Catherine Puma's Reviews > The Man Who Knew The Way to the Moon

The Man Who Knew The Way to the Moon by Todd Zwillich
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really liked it

This 3.5 hour Audible Original production is about the NASA engineer John Houbolt, who was the earliest advocator for lunar orbital rendezvous. While he did not invent the concept, he was a champion for getting the idea considered by upper level NASA decision-making management personnel. Houbolt distributed memos, sent off frustrated letters, gave pitching proposal presentations, and was on a team that wrote a 100+ page report detailing how to pull off the engineering and funding for the strategy.

A lot of space exploration fans are aware of different missions and astronauts, and many are aware that JFK's charismatic speech about getting an American man on the moon by the end of the decade came as a shock to the NASA community. While many were studying theories behind how to get men on the moon, accomplishing the feat within a specific time-frame (even with a large budget) was extremely challenging. This work is important because not everyone is aware of how we decided to get to the moon in the way that we did.

This audio performance is put together in a scientific journalism style with discussions from people who knew Houbolt (including his now 92 year old wife) and clips from Houbolt's interviews with the news media. This is good at telling a story that kids aren't really taught in school when learning about the space race. This focuses on the politics happening within NASA and the people skills needed that lead to deciding the strategy for getting USA astronauts on the moon.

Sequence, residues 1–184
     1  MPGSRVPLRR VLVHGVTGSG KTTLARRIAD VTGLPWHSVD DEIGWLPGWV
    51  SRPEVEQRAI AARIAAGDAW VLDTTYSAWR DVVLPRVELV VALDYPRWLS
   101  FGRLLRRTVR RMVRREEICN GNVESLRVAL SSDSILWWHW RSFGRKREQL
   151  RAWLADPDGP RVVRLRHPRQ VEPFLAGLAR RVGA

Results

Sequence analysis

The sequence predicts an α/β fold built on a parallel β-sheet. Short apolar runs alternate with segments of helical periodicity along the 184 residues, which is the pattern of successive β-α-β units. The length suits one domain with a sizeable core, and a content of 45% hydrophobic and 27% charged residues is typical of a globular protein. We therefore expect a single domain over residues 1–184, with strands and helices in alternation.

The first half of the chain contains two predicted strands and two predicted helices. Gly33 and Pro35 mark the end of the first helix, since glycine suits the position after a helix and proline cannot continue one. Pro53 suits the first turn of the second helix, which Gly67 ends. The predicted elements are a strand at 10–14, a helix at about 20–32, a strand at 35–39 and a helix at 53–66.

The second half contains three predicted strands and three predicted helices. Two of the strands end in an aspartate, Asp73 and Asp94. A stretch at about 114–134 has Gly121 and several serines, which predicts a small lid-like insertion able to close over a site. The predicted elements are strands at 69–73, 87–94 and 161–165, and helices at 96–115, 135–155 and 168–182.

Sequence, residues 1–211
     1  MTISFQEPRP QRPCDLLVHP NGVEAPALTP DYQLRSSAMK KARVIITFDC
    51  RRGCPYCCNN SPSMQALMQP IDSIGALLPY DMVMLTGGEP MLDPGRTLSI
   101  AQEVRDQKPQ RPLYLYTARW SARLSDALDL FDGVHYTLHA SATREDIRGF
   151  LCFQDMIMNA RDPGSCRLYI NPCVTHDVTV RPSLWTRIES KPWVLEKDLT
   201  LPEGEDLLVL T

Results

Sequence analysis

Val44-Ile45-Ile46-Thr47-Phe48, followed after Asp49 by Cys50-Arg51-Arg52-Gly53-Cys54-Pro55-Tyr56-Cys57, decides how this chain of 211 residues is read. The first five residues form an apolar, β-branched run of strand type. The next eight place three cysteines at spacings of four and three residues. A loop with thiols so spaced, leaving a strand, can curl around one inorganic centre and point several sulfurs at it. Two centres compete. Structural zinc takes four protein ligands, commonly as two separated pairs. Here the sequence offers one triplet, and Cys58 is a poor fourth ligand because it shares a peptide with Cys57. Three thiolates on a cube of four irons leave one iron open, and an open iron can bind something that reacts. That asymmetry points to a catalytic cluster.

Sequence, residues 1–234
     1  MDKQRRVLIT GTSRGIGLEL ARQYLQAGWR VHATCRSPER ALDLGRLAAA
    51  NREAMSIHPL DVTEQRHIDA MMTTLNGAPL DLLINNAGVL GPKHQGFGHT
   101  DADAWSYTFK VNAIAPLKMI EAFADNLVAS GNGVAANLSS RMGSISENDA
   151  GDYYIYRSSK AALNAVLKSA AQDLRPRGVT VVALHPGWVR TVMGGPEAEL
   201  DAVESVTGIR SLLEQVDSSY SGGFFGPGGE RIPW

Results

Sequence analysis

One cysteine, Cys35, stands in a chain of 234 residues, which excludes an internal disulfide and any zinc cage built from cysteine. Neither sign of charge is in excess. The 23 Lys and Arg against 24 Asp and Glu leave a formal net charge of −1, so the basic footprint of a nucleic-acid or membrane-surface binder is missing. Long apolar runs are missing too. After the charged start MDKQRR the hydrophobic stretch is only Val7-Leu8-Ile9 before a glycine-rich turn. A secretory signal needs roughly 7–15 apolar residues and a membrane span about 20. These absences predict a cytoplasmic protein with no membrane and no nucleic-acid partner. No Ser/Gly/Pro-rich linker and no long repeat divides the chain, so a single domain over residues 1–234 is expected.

Houbolt is a complicated hero. He was dogmatic, stubborn, and he stepped out of line because he believed in lunar orbital rendezvous so much. His proposal was really good and ended up being the strategy that we used to get to the moon. His story wouldn't be as important if his proposal wasn't approved, and he wouldn't be celebrated at all if it hadn't worked. Houbolt's proposal is estimated to have saved the government billions of dollars in program costs, and every other plan on the table probably would have gotten us there later than when JFK wanted.

I wish that this had focused a bit more on the science. Also, during his years at NASA advocating for this before anyone listened to him, what else was he working on? And while he wasn't the only one to write that 100+ page report on how to actually accomplish this idea, no one else on his team is mentioned. Did any lower level engineers he managed stay at NASA after he quit to help see his ideas through to completion?

This was really interesting and a great read for the 50th Anniversary of the Apollo 11 lunar landing. I just wish it was a little tighter on the technical logistics of how stuff got done, and less about random human relation impressions.
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Reading Progress

July 15, 2019 – Started Reading
July 15, 2019 – Shelved
July 15, 2019 – Finished Reading

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